Stop Taking Pictures. Start Taking Photos.

I look down at my phone, puzzled — it was as if I had destroyed something beautiful. It’s an OK picture, but nothing compared to the sunset that was right in front of me. The image on other side of the camera did not tell the same story…something happened when I tried to put a border on what I was seeing.

I hear my mom:

“Ug. I wish they didn’t put that ugly house right there!”

I look to the left and see a lone building sitting on top of a dock that’s jutting out into the sea. She had a point. The house did take away from the otherwise entirely natural view. On the other hand, the so-called docked-atrocity would probably make for a better picture. I walk over, camera in hand:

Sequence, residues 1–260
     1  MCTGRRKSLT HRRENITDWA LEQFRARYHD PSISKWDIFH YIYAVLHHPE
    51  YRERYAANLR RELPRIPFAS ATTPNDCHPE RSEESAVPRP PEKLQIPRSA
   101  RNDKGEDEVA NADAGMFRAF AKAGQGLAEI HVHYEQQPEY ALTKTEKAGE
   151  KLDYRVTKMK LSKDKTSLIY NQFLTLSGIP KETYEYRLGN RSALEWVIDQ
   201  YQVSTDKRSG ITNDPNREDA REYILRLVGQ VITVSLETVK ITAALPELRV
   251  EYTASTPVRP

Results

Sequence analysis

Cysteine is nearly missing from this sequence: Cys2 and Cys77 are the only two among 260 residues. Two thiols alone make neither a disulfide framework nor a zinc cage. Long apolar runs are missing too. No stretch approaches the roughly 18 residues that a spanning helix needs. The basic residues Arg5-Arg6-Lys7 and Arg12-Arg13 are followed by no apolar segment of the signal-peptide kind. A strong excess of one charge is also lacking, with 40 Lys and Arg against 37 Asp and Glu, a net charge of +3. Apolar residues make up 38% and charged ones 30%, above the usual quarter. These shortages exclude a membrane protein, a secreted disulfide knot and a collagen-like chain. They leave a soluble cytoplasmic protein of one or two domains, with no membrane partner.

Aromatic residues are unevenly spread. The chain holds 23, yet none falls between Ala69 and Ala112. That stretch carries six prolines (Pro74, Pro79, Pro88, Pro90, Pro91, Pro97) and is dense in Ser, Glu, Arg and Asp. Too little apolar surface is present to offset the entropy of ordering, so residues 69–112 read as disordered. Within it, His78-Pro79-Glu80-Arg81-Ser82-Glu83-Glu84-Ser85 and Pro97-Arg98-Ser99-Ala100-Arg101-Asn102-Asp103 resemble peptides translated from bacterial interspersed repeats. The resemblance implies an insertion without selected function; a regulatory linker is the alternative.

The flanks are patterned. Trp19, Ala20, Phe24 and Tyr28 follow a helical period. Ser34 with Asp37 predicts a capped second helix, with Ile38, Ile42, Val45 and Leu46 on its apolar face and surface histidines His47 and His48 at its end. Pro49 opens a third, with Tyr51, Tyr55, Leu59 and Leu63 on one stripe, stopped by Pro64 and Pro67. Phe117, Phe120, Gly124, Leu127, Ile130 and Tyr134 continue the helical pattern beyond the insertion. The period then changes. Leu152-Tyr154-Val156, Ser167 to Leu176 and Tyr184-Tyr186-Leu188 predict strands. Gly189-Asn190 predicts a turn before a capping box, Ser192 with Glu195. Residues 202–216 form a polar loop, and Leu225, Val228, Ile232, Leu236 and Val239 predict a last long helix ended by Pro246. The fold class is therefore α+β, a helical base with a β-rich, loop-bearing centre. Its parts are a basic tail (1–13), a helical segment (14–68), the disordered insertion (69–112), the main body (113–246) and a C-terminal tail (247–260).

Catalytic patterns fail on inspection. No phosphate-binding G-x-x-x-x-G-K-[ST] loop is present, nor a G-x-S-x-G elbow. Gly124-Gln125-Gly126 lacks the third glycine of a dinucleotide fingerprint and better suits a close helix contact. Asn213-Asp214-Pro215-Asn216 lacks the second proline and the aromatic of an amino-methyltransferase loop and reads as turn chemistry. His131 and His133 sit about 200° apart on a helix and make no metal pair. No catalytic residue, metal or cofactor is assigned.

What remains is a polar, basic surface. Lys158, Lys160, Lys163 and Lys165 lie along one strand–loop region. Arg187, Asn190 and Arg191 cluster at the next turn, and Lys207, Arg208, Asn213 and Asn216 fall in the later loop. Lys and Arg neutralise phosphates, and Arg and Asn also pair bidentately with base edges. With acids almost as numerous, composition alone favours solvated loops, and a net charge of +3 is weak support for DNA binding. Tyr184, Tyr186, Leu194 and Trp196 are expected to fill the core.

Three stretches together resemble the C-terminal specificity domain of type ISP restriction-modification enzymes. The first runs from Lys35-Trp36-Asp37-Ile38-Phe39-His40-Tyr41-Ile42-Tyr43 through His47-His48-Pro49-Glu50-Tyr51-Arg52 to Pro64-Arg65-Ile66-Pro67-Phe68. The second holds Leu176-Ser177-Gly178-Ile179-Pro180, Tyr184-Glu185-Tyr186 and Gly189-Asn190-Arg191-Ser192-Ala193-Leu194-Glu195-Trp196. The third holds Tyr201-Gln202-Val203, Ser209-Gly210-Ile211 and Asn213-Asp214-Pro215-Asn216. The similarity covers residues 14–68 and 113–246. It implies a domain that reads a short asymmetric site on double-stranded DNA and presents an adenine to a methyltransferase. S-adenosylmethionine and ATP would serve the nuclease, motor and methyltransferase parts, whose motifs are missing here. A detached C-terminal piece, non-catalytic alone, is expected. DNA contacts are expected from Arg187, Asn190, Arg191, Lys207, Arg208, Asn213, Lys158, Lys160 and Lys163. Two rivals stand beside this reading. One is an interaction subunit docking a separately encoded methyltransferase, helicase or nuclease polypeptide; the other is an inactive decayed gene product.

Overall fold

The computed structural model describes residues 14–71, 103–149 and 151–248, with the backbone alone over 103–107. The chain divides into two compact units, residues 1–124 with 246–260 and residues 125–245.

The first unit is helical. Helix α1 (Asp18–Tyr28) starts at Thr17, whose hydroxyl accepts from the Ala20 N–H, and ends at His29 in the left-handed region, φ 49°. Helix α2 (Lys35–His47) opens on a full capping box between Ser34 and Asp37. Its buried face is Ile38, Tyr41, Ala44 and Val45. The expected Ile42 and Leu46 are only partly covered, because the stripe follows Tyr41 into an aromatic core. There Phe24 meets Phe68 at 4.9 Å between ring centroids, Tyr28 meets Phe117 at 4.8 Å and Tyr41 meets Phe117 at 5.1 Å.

The Ugly Dockling made for a pretty alright photo. I’m surrounded by a seaside sunset over the distant islands, and this eyesore turns out to be my favorite photo. Herein lies the difficulty of photography: just because something looks good in person doesn’t mean it makes a good photo.

As a hobbyist photographer, this can be very frustrating. To better come to grips with this, I’ve created a personal distinction between a picture and a photo.